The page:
Every year, the German Physics Society (DPG) offers a PhD thesis prize for each of its sections. This year, Lars von der Wense of LMU Munich was awarded the thesis prize in the section “Matter and Cosmos”. Congratulations to Lars, his supervisor Peter G. Thirolf, and the whole team at LMU for this prestigious recognition!
About Simon Stellmer
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Entries by Simon Stellmer
This year’s European Frequency and Time Forum (EFTF) is already the 32nd edition of this conference series and will take place in Torino, Italy, during the upcoming week. This conference is one of the global gathering of researchers involved with the measurement and distribution of time and frequencies; the conference webpage can be found here. Each year, a European Time and Frequency Award is given to an outstanding researcher to recognize his or her work. This year’s EFTF Laureate is […]
The Th-229 nuclear isomer has been around for more than 40 years already, but two of its main properties, namely its energy and lifetime, are known only with very large error margins. While there is no experimental value for the bare isomer lifetime at all, there is at least some consensus on the isomer energy (somewhere between 6.3 and 10 eV). In their recent study (now available on the arXiv preprint server here), the Russian group at MEPhI suggests an […]
The TU Wien group and the Metrology Light Source (MLS) in Berlin (a part of PTB) have joined forces to directly excite the Thorium isomer in the VUV. In a measurement campaign about a year ago, Th-229 doped crystals were illuminated by tunable undulator radiation at the MLS facility. A wavelength region between 124 and 240 nm was probed (5.2 to 10 eV) at illumination & detection times between 30 and 600 seconds. The result of this study has now […]
Researchers at LMU Munich have put together a new review paper on the history of work on the Th-229 isomer, its current status, as well as potential implementations of a nuclear clock. The paper also investigates the properties of other candidates (aside from Th-229) to be used for a nuclear clock. It was assembled in connection with a talk given by Lars von der Wense at last year’s 175th anniversary of the Mendeleev All-Russia Research Institute of Metrology (VNIIM) in […]
The nuClock consortium is set to organize a conference entitled NOCAN: Novel Optical Clocks in Atoms and Nuclei. The goal of the seminar is to discuss conceptually novel approaches to optical frequency standards and clocks. Despite the remarkable precision already realized in current atomic clock worldwide, there is a wide range of concepts for next-generation devices, rooted in very different physical systems. The aim of the seminar is to provide a comprehensive overview on the current state of discussion and […]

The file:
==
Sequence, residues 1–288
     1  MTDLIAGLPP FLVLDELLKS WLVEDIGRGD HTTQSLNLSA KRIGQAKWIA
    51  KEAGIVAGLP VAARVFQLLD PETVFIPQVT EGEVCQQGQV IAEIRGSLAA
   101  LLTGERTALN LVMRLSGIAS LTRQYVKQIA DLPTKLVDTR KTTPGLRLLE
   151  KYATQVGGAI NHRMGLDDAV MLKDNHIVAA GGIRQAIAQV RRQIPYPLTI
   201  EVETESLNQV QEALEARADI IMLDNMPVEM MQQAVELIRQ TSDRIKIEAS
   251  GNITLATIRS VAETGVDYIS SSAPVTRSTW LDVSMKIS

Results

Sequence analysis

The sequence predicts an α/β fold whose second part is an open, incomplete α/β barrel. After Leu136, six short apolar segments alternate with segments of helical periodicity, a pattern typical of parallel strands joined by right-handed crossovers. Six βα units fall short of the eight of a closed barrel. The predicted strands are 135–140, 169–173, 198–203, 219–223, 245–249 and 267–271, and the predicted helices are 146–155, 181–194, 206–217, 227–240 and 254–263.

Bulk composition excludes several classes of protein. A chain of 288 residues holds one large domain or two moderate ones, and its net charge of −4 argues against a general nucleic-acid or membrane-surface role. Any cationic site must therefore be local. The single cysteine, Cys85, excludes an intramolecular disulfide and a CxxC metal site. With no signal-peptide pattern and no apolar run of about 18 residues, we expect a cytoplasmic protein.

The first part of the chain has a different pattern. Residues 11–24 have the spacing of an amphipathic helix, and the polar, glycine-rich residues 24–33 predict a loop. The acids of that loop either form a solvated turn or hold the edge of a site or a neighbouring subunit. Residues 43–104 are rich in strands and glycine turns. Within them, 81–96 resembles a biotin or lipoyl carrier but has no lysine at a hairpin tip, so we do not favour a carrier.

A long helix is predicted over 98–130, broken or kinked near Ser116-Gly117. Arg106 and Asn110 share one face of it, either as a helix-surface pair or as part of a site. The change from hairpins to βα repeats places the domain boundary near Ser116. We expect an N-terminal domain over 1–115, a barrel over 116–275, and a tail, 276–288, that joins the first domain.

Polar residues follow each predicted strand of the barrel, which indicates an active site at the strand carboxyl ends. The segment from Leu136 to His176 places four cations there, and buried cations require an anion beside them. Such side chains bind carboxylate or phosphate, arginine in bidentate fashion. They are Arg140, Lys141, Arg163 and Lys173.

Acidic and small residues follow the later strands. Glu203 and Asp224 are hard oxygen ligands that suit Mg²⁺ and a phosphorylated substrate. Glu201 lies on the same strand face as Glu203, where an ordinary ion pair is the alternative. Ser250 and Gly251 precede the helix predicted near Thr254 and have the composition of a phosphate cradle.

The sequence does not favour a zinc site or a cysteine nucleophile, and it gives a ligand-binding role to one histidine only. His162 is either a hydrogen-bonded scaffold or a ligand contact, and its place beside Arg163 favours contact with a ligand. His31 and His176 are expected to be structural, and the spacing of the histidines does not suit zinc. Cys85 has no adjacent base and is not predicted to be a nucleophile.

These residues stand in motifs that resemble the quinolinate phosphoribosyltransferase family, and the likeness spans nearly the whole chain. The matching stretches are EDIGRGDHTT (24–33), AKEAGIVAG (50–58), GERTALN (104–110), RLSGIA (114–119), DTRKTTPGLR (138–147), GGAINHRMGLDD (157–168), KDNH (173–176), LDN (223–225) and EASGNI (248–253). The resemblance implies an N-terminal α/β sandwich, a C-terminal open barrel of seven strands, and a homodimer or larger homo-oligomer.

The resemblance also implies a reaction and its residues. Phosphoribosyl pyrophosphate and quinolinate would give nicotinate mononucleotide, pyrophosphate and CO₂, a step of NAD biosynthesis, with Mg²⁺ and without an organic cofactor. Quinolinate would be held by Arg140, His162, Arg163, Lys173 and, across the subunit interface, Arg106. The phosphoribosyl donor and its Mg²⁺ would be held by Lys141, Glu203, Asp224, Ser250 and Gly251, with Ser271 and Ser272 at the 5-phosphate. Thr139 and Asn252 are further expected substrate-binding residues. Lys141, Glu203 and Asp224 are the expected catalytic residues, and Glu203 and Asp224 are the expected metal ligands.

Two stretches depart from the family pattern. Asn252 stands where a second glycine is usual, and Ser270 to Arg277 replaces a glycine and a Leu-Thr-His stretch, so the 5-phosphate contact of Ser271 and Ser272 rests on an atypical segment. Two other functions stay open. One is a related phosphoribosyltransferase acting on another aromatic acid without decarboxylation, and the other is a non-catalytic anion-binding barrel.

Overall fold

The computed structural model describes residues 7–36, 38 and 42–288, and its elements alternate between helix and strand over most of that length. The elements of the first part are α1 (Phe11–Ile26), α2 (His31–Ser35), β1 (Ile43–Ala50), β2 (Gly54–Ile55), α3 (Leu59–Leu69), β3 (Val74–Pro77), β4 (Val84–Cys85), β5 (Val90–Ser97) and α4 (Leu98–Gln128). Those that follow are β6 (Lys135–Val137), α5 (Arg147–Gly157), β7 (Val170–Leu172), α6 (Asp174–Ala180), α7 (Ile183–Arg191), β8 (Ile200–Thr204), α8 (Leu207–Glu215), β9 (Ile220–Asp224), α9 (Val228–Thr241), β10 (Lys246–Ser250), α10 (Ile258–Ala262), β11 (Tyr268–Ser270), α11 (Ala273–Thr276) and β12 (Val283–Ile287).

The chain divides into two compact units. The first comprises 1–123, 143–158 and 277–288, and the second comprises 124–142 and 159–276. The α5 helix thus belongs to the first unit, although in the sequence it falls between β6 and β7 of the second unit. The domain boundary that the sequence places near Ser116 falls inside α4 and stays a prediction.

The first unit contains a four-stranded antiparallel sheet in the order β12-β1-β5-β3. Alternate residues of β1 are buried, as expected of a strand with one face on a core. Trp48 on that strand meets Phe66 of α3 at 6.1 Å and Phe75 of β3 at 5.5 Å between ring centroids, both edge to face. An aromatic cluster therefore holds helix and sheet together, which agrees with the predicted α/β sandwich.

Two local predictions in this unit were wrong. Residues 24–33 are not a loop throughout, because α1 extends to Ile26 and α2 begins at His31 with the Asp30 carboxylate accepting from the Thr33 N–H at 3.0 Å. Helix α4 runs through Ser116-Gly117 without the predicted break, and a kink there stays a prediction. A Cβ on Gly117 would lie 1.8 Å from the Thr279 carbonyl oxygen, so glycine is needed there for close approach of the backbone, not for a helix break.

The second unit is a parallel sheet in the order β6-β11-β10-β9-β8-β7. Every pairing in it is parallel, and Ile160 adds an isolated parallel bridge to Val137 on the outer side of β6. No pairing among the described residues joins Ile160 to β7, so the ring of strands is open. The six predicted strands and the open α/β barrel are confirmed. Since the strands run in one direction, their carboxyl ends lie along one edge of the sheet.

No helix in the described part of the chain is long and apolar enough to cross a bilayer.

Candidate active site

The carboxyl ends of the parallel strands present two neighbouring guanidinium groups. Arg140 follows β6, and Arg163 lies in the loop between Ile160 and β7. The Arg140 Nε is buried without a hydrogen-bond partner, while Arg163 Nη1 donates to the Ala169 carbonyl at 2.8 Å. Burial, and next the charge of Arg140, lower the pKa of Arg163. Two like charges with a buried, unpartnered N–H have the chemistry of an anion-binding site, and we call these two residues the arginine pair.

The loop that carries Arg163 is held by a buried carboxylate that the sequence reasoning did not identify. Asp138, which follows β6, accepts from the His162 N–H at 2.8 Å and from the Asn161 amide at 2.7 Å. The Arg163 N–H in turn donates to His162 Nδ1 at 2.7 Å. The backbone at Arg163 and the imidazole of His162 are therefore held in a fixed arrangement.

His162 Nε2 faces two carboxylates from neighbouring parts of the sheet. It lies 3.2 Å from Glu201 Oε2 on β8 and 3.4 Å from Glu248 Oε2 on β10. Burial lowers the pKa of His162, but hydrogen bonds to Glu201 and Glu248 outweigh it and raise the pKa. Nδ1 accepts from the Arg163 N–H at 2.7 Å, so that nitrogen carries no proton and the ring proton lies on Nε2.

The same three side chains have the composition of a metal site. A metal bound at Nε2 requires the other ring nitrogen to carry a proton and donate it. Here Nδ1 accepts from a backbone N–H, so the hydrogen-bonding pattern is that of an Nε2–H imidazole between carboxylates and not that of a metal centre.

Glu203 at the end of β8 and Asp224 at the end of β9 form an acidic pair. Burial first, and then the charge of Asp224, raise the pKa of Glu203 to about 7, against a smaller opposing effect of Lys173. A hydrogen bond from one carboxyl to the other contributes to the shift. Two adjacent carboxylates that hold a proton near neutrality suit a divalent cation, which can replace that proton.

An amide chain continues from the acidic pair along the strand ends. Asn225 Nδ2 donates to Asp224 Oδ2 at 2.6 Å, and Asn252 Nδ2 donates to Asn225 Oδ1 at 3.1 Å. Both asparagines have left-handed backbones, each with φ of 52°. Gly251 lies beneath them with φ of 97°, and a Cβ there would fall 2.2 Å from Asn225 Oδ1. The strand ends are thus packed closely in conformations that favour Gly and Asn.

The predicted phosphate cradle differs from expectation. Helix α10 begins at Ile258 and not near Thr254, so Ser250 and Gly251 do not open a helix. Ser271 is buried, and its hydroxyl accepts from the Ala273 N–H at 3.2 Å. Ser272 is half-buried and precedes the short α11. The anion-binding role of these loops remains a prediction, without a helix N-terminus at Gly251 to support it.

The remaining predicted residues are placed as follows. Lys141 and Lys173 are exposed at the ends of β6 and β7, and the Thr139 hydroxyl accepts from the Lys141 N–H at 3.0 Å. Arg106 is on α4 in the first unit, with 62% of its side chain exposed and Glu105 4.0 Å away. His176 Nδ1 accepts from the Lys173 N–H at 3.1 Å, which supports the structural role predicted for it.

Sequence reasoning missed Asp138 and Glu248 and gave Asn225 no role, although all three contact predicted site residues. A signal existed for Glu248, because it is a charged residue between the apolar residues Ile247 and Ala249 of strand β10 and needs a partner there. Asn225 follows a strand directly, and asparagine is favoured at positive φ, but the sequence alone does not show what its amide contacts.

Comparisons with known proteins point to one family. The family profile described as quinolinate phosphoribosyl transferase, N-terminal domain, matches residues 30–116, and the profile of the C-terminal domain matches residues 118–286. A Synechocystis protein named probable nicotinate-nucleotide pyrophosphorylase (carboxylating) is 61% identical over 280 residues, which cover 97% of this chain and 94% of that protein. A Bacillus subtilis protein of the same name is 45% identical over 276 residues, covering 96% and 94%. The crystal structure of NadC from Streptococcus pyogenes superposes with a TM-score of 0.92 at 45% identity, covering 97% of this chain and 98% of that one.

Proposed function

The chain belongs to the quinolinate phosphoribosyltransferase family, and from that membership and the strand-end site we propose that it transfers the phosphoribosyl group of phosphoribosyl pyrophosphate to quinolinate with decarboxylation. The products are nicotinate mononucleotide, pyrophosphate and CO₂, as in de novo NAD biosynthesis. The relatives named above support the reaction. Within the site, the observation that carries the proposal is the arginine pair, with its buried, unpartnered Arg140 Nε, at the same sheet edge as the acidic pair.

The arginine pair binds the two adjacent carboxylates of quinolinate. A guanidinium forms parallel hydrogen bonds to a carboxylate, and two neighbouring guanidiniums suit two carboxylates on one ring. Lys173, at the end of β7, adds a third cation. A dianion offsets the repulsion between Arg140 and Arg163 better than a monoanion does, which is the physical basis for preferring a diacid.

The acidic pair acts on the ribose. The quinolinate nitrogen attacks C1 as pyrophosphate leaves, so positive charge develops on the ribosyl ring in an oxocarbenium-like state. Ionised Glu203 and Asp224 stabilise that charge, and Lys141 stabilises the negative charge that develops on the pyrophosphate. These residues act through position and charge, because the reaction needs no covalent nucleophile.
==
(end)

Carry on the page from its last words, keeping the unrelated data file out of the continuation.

The hyperfine interaction of the nucleus with the electron shell leads to energy shifts of electronic transitions that are easily accessible to laser spectroscopy. Now that Th-229m ions in the isomeric state became available at the LMU experiment, the PTB group performed laser spectroscopy on these ions and compared the spectra with Th-229 ions in the nuclear ground state. These measurements allowed the two teams to learn a lot about the properties of the nucleus when it’s excited to the […]
You want to meet the nuClock people and learn about the latest state of current research? Then head for the DPG meeting in Erlangen, which takes place March 5 – 9. Peter G. Thirolf of LMU Munich will give a plenary talk on Monday morning, and an entire session (A/Q 44) on Friday will be devoted to precision spectroscopy of nuclear systems. There will be five talks of nuClock people in this session! More information can be found here.
Last week’s 3-day meeting in Heidelberg was a great success. With 33 participants, this was by far the largest nuClock meeting to date (Vienna 2014: 20 participants, Munich 2015: 24, Brussels 2016: 19). Aside from pretty much all the nuClock members, a large crowd of external guests joined the meeting: Koji Yoshimura from Okayama (Japan), Piet van Duppen and Matthias Verlinde from Leuven (Belgium), Nikolay Minkov from Sofia (Bulgaria), Rukang Li, Xiaoyang Wang, Mingjun Xia, and Lijuan Liu from Beijing […]
The core of the nuClock project is formed by eight European groups, which receive funding from the European Union. The nuClock team seeks to attract more and more scientists into the field of research on Th-229, and to foster communication and synergies among all Thorium groups world-wide. In order to increase the visibility of strong links to partners outside of the project core, we have established a group of so-called nuClock associates. These people or research groups are on the […]